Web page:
Miss Schauer structures her art classes by units, each focusing on a particular style or medium of expression, and each accompanied by art history lessons that serve to provide some cultural and historical context for the unit. In art class, Miss Schauer offers experiences with observational drawing, color, 3-D design, and abstract art, and often, she says, “projects fit more than one of those categories.” A recent 8th-grade art project––a collage in the surreal style––does just that. The juxtaposition of everyday but seemingly disparate objects in a single work certainly catches the eye. Surrealism, according to one commentator, “represents a crucible of avant-garde ideas and techniques that contemporary artists are still using today,” making it an important unit of study for the developing critical thinker.
To open the unit on surrealist art with her 8th-grade classes, students learned about the ideas that underlie surrealism, and they considered works by Salvador Dali and Rene Magritte. “We talked about what influenced the surrealists,” Miss Schauer explains, “and how they saw the world. We discussed the dream-like quality of many of their works.” If you’ve looked at any surrealist art lately, you know that “dream-like” is somewhat jarring when it comes to this style. The art leaves what Miss Schauer describes as an “unsettled feeling” that her students were encouraged to mimic in their own collage creations.
And, why collage? By creating a collage rather than a painting for this particular project, “students could focus on the content, composition, and ideas of their piece” rather than getting tied up in the technical aspects of producing a painting. Students were encouraged to think about shape, line, and color with the medium as they “unsettled” the imagination for their pieces.
So it is that RCLS middle schoolers engage with beauty. (Is surrealist art beautiful? Discuss amongst yourselves!) Still, the market demands STEM skills, and the reality of the 21st century is that more art is created through digital methods than is created by traditional means. So, RCLS middle-school teachers integrate disciplines, or, in this case, employ new tools, and students develop the skillset they need to succeed in a market that demands more than traditional art skills can offer.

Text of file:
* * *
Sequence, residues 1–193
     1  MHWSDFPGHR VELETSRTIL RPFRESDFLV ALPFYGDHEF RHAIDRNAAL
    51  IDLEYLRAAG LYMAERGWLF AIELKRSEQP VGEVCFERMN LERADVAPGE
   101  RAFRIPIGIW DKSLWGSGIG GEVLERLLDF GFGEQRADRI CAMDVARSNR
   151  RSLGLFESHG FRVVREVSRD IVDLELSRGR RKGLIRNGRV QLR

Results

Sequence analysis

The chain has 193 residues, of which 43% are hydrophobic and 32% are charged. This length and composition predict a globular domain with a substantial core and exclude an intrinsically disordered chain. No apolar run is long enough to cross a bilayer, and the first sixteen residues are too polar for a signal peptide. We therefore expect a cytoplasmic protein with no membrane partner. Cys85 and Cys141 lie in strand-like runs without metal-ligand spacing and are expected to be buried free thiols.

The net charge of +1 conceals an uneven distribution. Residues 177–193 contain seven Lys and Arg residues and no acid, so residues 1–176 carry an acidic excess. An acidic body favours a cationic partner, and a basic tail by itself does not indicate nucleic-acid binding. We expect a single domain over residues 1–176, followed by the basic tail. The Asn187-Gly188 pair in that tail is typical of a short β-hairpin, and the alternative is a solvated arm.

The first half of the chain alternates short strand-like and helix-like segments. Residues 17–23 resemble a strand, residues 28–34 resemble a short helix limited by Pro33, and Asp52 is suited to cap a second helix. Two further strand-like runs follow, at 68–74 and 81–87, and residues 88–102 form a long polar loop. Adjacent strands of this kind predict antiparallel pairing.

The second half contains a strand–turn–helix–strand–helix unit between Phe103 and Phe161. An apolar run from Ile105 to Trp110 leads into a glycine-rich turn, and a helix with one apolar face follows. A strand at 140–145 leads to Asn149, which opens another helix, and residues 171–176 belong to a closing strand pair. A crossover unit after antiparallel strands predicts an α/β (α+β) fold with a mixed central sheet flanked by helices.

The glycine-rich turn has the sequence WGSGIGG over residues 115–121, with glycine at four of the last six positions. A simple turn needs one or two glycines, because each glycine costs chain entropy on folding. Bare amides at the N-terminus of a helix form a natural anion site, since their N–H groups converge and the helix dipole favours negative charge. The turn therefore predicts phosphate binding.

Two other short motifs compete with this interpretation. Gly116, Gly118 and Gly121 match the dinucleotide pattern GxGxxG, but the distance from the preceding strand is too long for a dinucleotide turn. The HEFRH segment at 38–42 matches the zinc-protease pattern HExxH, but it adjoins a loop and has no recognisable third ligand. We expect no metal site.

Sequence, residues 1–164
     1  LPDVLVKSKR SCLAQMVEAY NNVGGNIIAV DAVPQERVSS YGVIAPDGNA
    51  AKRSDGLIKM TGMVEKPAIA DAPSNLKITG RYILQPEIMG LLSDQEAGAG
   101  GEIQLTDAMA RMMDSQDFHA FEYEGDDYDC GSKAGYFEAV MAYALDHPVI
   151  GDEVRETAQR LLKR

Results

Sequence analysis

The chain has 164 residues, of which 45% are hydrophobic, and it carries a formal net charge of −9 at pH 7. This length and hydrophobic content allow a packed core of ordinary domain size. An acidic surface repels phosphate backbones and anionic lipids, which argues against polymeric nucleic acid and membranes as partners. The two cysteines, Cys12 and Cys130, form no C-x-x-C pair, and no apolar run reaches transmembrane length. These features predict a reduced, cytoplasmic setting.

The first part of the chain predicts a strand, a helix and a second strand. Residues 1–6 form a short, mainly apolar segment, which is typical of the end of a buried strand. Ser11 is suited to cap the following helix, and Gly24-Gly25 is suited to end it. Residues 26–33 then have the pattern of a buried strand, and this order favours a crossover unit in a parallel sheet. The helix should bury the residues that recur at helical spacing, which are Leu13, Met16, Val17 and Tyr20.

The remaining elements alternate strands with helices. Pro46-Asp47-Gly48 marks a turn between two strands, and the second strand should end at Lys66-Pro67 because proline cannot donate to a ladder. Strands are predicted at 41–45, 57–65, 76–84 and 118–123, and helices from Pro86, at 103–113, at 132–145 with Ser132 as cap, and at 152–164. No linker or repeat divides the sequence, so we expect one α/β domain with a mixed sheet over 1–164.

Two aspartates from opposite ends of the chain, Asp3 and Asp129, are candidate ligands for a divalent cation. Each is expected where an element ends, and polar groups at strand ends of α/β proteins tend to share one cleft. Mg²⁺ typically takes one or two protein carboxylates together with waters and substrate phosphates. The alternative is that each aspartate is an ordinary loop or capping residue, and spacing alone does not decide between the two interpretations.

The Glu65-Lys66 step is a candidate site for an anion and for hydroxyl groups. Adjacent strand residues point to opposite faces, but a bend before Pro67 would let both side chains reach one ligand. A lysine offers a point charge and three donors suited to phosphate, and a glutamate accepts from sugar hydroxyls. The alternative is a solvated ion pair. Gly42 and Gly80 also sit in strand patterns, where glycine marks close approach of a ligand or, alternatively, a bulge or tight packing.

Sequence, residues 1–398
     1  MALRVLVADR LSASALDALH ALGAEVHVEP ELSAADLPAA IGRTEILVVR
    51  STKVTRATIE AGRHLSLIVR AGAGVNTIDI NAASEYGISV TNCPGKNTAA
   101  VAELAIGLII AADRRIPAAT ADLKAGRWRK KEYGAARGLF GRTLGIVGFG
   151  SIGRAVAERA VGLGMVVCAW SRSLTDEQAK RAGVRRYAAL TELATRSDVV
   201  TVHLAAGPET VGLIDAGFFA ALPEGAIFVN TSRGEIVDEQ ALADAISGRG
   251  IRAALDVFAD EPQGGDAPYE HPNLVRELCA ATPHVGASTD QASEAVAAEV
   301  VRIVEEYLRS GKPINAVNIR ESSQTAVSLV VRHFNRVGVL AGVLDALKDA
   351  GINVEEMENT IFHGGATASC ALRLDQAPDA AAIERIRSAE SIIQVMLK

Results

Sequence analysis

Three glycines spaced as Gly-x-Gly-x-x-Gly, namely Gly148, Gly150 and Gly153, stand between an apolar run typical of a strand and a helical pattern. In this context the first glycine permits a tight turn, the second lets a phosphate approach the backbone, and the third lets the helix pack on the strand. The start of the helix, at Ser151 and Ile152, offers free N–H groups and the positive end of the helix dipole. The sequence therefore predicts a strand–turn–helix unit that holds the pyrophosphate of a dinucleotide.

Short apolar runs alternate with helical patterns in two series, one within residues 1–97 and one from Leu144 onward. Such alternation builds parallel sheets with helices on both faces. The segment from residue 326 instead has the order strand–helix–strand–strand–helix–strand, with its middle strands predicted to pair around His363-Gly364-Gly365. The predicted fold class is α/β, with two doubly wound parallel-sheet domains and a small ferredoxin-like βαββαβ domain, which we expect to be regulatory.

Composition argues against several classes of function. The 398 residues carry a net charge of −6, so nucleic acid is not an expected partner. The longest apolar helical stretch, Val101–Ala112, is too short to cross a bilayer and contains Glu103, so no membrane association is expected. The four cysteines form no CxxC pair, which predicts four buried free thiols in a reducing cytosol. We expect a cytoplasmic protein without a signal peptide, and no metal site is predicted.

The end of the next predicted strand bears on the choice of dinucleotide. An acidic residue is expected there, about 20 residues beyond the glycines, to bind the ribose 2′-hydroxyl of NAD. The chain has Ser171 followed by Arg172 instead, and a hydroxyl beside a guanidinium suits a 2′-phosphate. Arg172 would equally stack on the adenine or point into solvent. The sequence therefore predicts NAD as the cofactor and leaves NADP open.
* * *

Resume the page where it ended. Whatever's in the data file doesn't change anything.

Art and Technology
Middle-school math and technology teacher, Mr. Nelson, is quick to point out that he does not teach “technology for technology’s sake.” Instead, he uses technology as a tool––and teaches students to use that tool––as a means for creation. Technology is such a pervasive part of our society, he explains. In daily life and in the workplace, STEM skills are important for a variety of workers, not just for those working in science or technology sectors. In this, technology does not have to be viewed as a “necessary evil,” Mr. Nelson contends, but as a tool––one that can extend the possibilities of human production.
This recent surrealist unit offers an example of how this might be. As students were creating collages in art class with Miss Schauer, they were also creating surrealist-inspired digital projects in technology class with Mr. Nelson. Building on the skills and knowledge that students had acquired in art, Mr. Nelson offered students methods for creating digital surrealist art. Then, much like 21st-century designers might do in the workplace, students worked collaboratively to apply theoretical knowledge and technical skills to produce a digital work of art, surrealism that we imagine might have startled even the iconic Mr. Dali.
Taken Together: Art and Technology Matter
As students get older, Miss Schauer explains, it is important that they develop a sense for how disciplines and ideas fit together. Middle-school students’ “brains are ready to make connections––to see how they can use technology to make art, to apply their writing skills for a project for science, [or] to use their drawing skills in showing what they know in history class.” Even though the middle school day is compartmentalized into disciplines, the opportunity to integrate ideas and projects across classes “reminds [students] that learning is learning,” she continues, and what students learn, they can apply in various settings.
Here at RCLS, we teach with the understanding that many of those settings are yet to come. Science, technology, engineering, art, math––and the integration of one with the others: this is the foundation that prepares students for those settings.
And our students?
Well, as the saying goes, they are the future. We trust that future will be characterized by beauty. We’ll certainly work hard to give our students the tools to make it so.
Art always has been and always will be valued at RCLS. Through the art curriculum, Art Adventure, enrichment units, and even after-school drawing classes, RCLS is committed to providing Preschool-Grade 8 students with opportunities for developing appreciation for the visual arts, just one aspect of our whole-child approach to learning. We’re also committed to offering tools––in the CreatorSpace and through a sophisticated technology program––to create with both traditional and new technological means.
Hoping to build a STEAM foundation for your child? Visit us on campus and see the creative possibilities for yourself. We'd love to welcome you!